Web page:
Classical Reissue Reviews

Ossy Renardy: The Complete Columbia Recordings — Music of CORELLI, PLATTI, HANDEL, SCHUBERT, PAGANINI, BURMESTER, VECSEY & SARASATE – Ossy Renardy, violin/ Walter Robert and Leo Taubman, p. – Pristine Audio

The assembled Columbia Recordings by Ossy Renardy from 1938-1939 reveal a fine-tuned artist of heightened sensitivity and burnished style.

Published on April 23, 2013

Ossy Renardy: The Complete Columbia Recordings — Music of CORELLI, PLATTI, HANDEL, SCHUBERT, PAGANINI, BURMESTER, VECSEY & SARASATE – Ossy Renardy, violin/ Walter Robert and Leo Taubman, p. – Pristine Audio

Ossy Renardy: The Complete Columbia Recordings — CORELLI: Sonata in E minor, Op. 5, No. 8; PLATTI: Sonata No. 1 in E Minor; HANDEL: Prayer from Te Deum; SCHUBERT: Sonatina No. 1 in D Major, D. 384; Sonatina No. 3, D. 408: Menuetto and Allegro moderato; PAGANINI: Sonata No. 12 in E Minor, Op. 3, No. 6; DVORAK: Sonatina in G Major, Op. 100; Slavonic Dance in G Minor, Op. 46, No. 8; BURMESTER: Serenade; VECSEY:  Caprice No. 2; SARASATE: Adios, montanas mias; 3 Spanish Dances – Ossy Renardy, violin/ Walter Robert and Leo Taubman, p. – Pristine Audio PASC 383, 73:53 [avail. in various formats at] ****:

The death 3 December 1953 of Austrian violinist Ossy Renardy (nee Oskar Reiss) in northern New Mexico robbed music of a vital, unique personality, a self-taught artist whose playing on his preferred Guarnerius brought pleasure to countless listeners, including those servicemen in WW II who attended any of the 490 USO concerts he gave. Producer and editor Mark Obert-Thorn assembles Renardy’s Columbia recordings inscribed 1938-1939 for the first time as one source.

The earliest of the performances, the Corelli Sonata (4 March 1938), features an eighteen-year-old in the CBS recording studio – with Leo Taubman at the piano – just two months after Renardy’s Town Hall debut. The four-movement Sonata in E Minor offers an attractively sweet violin tone, a lyrical expressiveness, and fine trill and ornamental economy. The line of the Sarabande (Largo cantabile) maintains a high polish without sag. The following Sonata No. 1 in E Minor by Giovanni Platti (1697-1763) was recorded With Walter Robert 7 November 1938 and 3 January 1939. The galant impulse in Platti often succumbs to formulaic writing, which Renardy’s conscientious playing can do little to alleviate. The Larghetto does convince us that Renardy’s singing tone conveys sincerity and ardor. In the faster movements, Renardy displays verve, deft fingering, and good taste without any sense of rushing matters.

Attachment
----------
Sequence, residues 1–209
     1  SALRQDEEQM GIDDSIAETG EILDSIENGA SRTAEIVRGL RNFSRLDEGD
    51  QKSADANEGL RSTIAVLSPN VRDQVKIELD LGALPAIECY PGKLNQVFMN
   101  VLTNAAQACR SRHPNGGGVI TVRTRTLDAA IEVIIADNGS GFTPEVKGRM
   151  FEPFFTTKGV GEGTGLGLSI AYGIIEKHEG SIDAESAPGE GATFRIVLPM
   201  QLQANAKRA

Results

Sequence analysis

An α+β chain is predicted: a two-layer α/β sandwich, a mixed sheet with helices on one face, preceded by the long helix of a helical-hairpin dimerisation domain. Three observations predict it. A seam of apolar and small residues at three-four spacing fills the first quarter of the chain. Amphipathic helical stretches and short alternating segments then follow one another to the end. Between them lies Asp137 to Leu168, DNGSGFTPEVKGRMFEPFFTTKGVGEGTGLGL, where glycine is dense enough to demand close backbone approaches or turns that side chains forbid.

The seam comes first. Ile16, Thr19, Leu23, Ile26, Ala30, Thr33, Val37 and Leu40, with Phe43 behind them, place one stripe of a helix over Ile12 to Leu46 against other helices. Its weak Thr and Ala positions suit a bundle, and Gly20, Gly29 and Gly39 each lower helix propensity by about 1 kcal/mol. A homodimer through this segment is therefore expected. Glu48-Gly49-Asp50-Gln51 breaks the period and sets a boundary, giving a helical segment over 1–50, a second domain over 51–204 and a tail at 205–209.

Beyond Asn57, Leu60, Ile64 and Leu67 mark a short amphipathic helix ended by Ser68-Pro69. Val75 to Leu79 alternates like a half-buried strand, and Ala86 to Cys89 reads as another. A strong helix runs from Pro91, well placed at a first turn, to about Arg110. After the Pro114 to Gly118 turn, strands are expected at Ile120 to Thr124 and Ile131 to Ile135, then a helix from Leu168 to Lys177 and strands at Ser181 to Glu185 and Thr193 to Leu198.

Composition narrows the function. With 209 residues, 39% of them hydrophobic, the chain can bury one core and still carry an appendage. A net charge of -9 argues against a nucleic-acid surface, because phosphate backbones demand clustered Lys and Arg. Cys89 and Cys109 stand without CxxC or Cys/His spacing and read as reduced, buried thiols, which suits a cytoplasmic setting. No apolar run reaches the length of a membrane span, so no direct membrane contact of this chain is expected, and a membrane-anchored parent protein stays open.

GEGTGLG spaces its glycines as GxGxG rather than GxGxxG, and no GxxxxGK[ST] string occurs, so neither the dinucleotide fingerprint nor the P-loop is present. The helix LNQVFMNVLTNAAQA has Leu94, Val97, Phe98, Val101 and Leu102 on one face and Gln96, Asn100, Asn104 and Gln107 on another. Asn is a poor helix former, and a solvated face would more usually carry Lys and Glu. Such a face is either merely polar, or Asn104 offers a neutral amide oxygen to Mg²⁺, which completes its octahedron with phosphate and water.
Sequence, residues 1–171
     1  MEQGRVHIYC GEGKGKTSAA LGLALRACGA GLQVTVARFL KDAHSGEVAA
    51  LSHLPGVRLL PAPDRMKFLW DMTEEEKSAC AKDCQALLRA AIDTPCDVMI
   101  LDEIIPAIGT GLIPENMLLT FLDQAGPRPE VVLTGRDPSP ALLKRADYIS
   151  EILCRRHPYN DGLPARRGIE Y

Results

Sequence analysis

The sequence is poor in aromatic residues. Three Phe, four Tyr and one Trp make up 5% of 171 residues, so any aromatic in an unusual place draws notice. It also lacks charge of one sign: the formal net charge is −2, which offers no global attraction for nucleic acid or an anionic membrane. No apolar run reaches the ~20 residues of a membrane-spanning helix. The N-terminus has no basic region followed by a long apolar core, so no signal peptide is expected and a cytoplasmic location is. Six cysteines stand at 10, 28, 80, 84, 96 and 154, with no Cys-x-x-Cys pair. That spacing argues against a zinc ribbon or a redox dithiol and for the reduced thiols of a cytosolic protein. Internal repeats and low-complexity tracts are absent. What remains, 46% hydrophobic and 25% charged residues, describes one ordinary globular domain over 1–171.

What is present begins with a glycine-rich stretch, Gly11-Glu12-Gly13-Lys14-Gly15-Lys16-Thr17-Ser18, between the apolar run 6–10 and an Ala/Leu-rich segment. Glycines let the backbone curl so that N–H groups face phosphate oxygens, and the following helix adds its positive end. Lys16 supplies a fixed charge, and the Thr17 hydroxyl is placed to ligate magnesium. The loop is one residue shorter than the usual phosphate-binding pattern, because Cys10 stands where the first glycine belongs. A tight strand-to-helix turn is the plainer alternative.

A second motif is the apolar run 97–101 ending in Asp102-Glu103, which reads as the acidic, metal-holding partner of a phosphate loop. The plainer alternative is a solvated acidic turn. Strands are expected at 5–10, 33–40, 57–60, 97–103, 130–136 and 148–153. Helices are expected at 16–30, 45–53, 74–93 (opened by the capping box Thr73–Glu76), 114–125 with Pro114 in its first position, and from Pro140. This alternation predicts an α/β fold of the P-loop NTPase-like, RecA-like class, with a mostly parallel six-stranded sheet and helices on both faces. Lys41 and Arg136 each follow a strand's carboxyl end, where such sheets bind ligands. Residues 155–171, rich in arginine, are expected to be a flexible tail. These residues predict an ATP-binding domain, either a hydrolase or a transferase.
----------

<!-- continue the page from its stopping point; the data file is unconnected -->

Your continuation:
From the 3 January 1959 session, we have several selections from Renardy that exhibit his gentle finesse. Renardy bequeaths us two movements from Schubert’s G Minor Sonatina, the Menuetto and Allegro moderato last movement. A gracious Viennese charm permeates movements, as required. Two Spanish Dances, Op. 22 by Sarasate spice our sense of Renardy’s cosmopolitan style: the Romanza Andaluza canters and sways in exotic and erotic suggestion.  The Jota Navarra urges an earthier tread, a real flamenco gesture in high harmonics and pizzicati. If the noble figures that Renardy draws lack some of the vitality that Ricci brings, they retain the dignity and refinement of expression we know from Heifetz.

The session of October 8, 1938 brought forth a set of bravura miniatures from Renardy. The Handel Prayer derives from an arrangement from Carl Flesch. A perpetual lyric in liturgical colors, the Te Deum ethos imparts a solemn majesty. Paganini supplies Renardy with a sonata meant for violin and guitar: the Sonata No. 12 in E Minor from Op. 3. The music opens lyrically and restrained, but then it breaks into a lively dance-in-variations. The Serenade of Willy Burmester (1869-1933) offers a three-minute song that exploits various registers on the violin, including piercing harmonics. The Caprice No. 2 “Cascade” by Franz von Vecsey (1893-1935) proffers a perpetuum mobile etude in rapid, liquid motion. Then, the Hungarian ethos breaks forth, a noble melody over the piano arpeggios, the entire effort seamless and beautifully controlled.

The 7 November 1938 session yielded – besides the Platti sonata – a fine Schubert Sonatina No. 1 in D Major, sweetly lyrical with a driven impetus that does not become manic, while exhibiting Schubert’s approach to the Viennese salon style. Renardy’s next major recording date, January 13, 1939, produced the charming Dvorak 1893 Sonatina in G Major, Op. 100, the composer’s swan-song to his adopted America before leaving for his native Bohemia. Rife with Native American and Negro melodies, the piece exudes a natural affection from Renardy, who plays it with childlike reverence, as required. We might recall that the haunting Larghetto came to be known as “Indian Lullaby” when played separately by the likes of Fritz Kreisler.

Lastly, the few inscriptions from 29 March 1939 include Dvorak’s volcanic Slavonic Dance in G Minor, Op. 46, No. 8, a Furiant demanding the virtuoso treatment from Renardy, his bow bouncing as well as singing in Slavonic colors. Two Sarasate pieces follow: Adios, montanas mias captures the Spanish virtuoso-composer in a rare moment of nostalgia, a slow tango of some power to elicit images of Rita Cansino, aka Rita Hayworth. The Zapateado, Op. 23, No. 2, however, distributes flashes of lightning amidst the sparklers and spices of the Andalusian temperament. Happily, I turned the volume up on this one.

—Gary Lemco

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